This post is by Jonathan M. Gitlin from Ars Technica
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Let me tell you, the noise of all these V12s roaring at the same time is a symphony performance few petrolheads could forget. [credit:
MONTEREY, Calif.—”Let me tell you about the very rich. They are different from you and me.” Those words were written by F. Scott Fitzgerald back in 1926, and they remain true almost a century later. It’s certainly true when it comes to cars, where having a telephone number bank balance opens doors to machinery that the rest of us only ever get close to in video games. Recently, I got a chance to take a peek behind that curtain at the historic Laguna Seca racetrack in California.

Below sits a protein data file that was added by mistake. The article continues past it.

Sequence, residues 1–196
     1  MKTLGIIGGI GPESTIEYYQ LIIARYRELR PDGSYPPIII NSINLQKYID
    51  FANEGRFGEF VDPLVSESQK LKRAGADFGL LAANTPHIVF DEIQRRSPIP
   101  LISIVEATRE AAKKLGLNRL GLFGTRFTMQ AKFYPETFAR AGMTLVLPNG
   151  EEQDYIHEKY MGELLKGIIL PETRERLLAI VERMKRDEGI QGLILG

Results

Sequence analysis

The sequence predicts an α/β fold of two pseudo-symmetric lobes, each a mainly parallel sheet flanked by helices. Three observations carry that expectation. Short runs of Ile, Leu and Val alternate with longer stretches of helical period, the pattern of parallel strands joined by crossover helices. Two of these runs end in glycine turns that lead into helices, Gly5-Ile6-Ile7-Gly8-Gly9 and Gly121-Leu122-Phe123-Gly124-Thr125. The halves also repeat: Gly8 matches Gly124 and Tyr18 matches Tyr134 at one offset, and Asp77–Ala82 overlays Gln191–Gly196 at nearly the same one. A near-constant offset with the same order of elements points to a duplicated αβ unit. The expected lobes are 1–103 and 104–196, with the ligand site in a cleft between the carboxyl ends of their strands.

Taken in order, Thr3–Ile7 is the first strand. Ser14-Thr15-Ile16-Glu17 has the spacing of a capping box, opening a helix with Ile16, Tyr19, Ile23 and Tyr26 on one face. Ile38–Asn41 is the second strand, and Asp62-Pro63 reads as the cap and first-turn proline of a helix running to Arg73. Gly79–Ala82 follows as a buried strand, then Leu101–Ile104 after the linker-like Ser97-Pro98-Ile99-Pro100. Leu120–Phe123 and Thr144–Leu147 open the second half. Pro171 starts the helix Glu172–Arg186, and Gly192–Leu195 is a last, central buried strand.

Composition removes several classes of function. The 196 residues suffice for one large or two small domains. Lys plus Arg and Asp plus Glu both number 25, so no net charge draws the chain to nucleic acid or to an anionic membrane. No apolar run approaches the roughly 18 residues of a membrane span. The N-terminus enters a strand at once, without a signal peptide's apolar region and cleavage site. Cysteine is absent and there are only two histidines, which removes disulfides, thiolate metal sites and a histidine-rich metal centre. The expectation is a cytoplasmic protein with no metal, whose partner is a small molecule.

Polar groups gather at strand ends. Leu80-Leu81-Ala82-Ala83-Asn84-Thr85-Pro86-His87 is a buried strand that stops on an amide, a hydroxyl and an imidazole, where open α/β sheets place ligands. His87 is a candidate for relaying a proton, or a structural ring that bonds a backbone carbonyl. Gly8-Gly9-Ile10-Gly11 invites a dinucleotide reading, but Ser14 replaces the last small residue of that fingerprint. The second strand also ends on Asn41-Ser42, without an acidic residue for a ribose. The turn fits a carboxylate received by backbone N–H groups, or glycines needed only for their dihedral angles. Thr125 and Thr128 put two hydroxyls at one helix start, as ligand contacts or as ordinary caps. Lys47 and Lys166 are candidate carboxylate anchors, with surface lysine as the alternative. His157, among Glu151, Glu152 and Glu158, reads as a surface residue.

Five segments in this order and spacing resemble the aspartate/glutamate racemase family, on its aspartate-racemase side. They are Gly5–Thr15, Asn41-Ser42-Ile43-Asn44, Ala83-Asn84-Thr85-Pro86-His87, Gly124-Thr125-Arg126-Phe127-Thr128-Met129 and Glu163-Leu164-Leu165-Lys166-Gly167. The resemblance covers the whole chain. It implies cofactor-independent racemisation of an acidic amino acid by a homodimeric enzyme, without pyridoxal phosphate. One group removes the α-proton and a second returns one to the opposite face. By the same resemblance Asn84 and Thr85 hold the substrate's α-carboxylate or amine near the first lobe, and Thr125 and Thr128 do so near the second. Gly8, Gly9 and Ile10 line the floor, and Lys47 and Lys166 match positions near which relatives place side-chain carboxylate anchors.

Once upon a time, the supercar was the top of the tree, and cars like the McLaren F1 and Ferrari Enzo re-wrote the rules on how fast a car could go and how much it would
. Before too long, that kind of performance trickled down—even a Tesla P100D will beat either of those cars in a race to 100mph, for example—and so we got the hypercar.
Carbon fiber hybrids with around 1,000hp on tap and seven-digit price tags became the new apex predators of the car world, but for some, even these are now too common, too pedestrian. So what do you do if you’ve got several million dollars burning a hole in your pocket and you want to go fast, really, really fast? For a certain kind of person, the answer is, you call up Ferrari and ask about its Corsa Clienti program.